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In the spring a livelier iris changes on the burnished dove;
In the spring a young man's fancy lightly turns to thoughts of

love.

Then her cheek was pale and thinner than should be for one

so young, And her eyes on all my motions with a mute observance hung.

And I said, "My cousin Amy, speak, and speak the truth to me, Trust me, cousin, all the current of my being sets to thee.”

On her pallid cheek and forehead came a color and a light, As I have seen the rosy red flushing in the northern night.

And she turned-her bosom shaken with a sudden storm of

sighs— All the spirit deeply dawning in the dark of hazel eyes

Saying, "I have hid my feelings, fearing they should do me

wrong”; Saying, "Dost thou love me, cousin?” weeping, “I have loved

thee long.”

Love took up the glass of time, and turned it in his glowing

hands; Every moment, lightly shaken, ran itself in golden sands.

Love took up the harp of Life, and smote on all the chords

with might; Smote the chord of Self, that, trembling, past in music out of sight.

Many a morning on the moorland did we hear the

copses ring, And her whisper thronged my pulses with the fullness of the

spring.

Many an evening by the waters did we watch the stately ships, And our spirits rushed together at the touching of the lips.

O my cousin, shallow-hearted! O my Amy, mine no more! O the dreary, dreary moorland! O the barren, barren shore!

Falser than all fancy fathoms, falser than all songs have sung, Puppet to a father's threat, and servile to a shrewish tongue!

Is it well to wish thee happy?. having known me—to decline On a range of lower feelings and a narrower heart than mine!

Yet it shall be; thou shalt lower to his level day by day, What is fine within thee growing coarse to sympathize with

clay.

As the husband is, the wife is; thou art mated with a clown, And the grossness of his nature will have weight to drag thee

down.

He will hold thee, when his passion shall have spent its novel

force, Something better than his dog, a little dearer than his horse.

What is this? his eyes are heavy; think not they are glazed

with wine. Go to him, it is thy duty; kiss him, take his hand in thine.

It may be my lord is weary, that his brain is overwrought;
Soothe him with thy finer fancies, touch him with thy lighter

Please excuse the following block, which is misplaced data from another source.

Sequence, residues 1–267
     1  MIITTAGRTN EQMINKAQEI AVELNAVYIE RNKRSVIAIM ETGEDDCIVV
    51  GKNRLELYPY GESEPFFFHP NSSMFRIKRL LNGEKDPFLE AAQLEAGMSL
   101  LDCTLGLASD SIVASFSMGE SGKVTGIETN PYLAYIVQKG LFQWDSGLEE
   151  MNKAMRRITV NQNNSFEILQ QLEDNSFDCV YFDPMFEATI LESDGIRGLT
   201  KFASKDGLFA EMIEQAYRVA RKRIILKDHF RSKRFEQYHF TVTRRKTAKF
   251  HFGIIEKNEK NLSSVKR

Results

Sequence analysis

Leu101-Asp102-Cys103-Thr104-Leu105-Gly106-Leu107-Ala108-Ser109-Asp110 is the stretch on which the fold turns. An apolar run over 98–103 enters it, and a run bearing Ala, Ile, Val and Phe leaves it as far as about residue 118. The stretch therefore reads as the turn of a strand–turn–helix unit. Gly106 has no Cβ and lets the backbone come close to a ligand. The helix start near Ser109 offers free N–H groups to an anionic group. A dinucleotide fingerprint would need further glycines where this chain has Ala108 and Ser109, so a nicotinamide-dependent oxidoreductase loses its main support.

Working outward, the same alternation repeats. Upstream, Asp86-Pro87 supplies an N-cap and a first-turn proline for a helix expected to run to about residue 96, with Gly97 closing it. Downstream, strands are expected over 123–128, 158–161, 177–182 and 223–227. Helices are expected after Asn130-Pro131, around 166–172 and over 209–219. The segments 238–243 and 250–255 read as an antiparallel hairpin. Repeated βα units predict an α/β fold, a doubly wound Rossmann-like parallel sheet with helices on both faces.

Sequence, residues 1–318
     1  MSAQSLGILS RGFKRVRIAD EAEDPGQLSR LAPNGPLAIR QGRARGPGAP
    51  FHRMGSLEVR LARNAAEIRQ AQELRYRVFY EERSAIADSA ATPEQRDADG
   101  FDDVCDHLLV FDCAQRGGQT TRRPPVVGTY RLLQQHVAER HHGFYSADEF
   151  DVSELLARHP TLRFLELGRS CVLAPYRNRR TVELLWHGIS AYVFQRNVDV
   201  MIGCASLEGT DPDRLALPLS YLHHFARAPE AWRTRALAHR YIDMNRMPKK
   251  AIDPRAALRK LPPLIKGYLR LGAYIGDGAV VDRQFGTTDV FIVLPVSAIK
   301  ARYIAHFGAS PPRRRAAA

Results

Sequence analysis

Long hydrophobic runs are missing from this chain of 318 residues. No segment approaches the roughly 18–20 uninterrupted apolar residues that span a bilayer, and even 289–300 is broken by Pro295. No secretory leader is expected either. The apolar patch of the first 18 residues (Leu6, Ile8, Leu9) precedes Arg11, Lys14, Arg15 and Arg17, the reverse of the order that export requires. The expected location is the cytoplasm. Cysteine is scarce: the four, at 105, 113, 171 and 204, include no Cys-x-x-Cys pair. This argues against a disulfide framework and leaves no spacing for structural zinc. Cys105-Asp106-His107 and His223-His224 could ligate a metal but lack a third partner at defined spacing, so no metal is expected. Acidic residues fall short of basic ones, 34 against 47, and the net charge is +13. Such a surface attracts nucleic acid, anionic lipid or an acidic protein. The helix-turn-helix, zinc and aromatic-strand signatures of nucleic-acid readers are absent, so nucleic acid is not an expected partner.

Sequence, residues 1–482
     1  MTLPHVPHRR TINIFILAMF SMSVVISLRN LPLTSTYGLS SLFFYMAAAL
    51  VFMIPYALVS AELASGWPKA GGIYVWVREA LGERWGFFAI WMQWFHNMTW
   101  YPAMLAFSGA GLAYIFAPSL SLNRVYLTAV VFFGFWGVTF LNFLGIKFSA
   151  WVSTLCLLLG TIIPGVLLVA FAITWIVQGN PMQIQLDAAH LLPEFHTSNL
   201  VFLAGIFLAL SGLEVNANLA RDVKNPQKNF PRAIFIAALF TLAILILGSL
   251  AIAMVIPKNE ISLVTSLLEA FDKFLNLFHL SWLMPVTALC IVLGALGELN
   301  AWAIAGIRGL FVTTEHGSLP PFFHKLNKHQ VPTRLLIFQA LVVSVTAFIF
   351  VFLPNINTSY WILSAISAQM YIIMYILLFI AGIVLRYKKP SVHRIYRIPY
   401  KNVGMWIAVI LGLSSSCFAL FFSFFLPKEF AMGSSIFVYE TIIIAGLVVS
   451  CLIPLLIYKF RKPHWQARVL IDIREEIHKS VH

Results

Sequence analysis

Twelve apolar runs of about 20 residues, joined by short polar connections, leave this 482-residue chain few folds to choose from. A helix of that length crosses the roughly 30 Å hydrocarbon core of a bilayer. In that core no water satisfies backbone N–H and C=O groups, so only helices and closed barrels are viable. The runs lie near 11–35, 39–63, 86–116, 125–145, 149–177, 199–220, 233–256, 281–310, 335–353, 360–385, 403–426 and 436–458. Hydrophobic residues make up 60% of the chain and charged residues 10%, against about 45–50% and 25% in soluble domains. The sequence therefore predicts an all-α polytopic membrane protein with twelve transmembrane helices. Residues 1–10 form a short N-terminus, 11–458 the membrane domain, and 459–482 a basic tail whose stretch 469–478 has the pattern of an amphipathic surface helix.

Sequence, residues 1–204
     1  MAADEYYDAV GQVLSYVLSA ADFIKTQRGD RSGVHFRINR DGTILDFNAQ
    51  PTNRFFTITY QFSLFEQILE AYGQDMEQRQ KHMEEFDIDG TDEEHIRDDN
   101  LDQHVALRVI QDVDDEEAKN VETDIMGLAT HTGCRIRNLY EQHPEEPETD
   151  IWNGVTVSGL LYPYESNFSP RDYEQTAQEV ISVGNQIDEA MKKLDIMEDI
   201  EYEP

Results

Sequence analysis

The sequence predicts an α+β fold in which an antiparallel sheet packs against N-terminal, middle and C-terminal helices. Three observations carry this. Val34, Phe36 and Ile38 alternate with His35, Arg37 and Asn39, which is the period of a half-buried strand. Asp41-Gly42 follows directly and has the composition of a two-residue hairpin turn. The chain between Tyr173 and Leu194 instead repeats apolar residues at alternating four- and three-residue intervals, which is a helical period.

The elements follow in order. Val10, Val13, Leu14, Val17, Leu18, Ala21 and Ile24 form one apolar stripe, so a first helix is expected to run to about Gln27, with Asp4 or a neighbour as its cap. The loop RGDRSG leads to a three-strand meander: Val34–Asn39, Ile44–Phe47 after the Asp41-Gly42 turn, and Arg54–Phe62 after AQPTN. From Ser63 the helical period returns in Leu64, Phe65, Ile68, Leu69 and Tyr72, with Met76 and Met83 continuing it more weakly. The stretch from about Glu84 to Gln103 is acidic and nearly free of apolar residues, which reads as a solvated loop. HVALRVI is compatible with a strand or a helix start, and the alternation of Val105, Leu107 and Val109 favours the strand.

thought.

He will answer to the purpose, easy things to understandBetter thou wert dead before me, tho' I slew thee with my

hand!

Better thou and I were lying, hidden from the heart's disgrace, Rolled in one another's arms, and silent in a last embrace.

Cursed be the social wants that sin against the strength of

youth! Cursed be the social lies that warp us from the living truth!

Cursed be the sickly forms that err from honest Nature's rule! Cursed be the gold that gilds the straitened forehead of the

fool!

Well-'tis well that I should bluster!-Hadst thou less

unworthy provedWould to God—for I had loved thee more than ever wife was

loved.

Am I mad, that I should cherish that which bears but bitter

fruit?

I will pluck it from my bosom, tho' my heart be at the root.

Never, tho' my mortal summers to such length of years should

come

As the many-wintered crow that leads the clanging rookery home.

Where is comfort? in division of the records of the mind? Can I part her from herself, and love her, as I knew her, kind?

I

I remember one that perished; sweetly did she speak and move; Such a one do I remember, whom to look at was to love.

Can I think of her as dead, and love her for the love she bore? No—she never loved me truly; love is love for evermore.

Comfort? comfort scorned of devils! this is truth the poet

sings, That a sorrow's crown of sorrow is remembering happier

things.

Drug thy memories, lest thou learn it, lest thy heart be put to

proof, In the dead unhappy night, and when the rain is on the roof.

Like a dog, he hunts in dreams, and thou art staring at the

wall, Where the dying night-lamp flickers, and the shadows rise and

fall.

Then a hand shall pass before thee, pointing to his drunken

sleep, To thy widowed marriage-pillows, to the tears that thou wilt

weep:

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Thou shalt hear the “Never, never,” whispered by the phan

tom years, And a song from out the distance in the ringing of thine ears; And an eye shall vex thee, looking ancient kindness on thy

The passage alluded to may be seen in its con

1 The poet is Dante. text, below, p. 302.

pain. Turn thee, turn thee on thy pillow; get thee to thy rest again.

Nay, but Nature brings thee solace; for a tender voice will cry. 'Tis a purer life than thine, a lip to drain thy trouble dry.

Baby lips will laugh me down; my latest rival brings thee rest. Baby fingers, waxen touches, press me from the mother's breast.

Oh, the child too clothes the father with a dearness not his due. Half is thine and half is his: it will be worthy of the two.

Oh, I see thee old and formal, fitted to thy petty part,
With a little hoard of maxims preaching down a daughter's

heart.

"They were dangerous guides, the feelings—she herself was

not exemptTruly, she herself had suffered”—Perish in thy self-contempt!

Overlive it—lower yet—be happy! wherefore should I care? I myself must mix with action, lest I wither by despair.

What is that which I should turn to, lighting upon days like

these? Every door is barred with gold, and opens but to golden keys.

Every gate is thronged with suitors, all the markets overflow. I have but an angry fancy; what is that which I should do?

I had been content to perish, falling on the foeman's ground, When the ranks are rolled in vapor, and the winds are laid

with sound.

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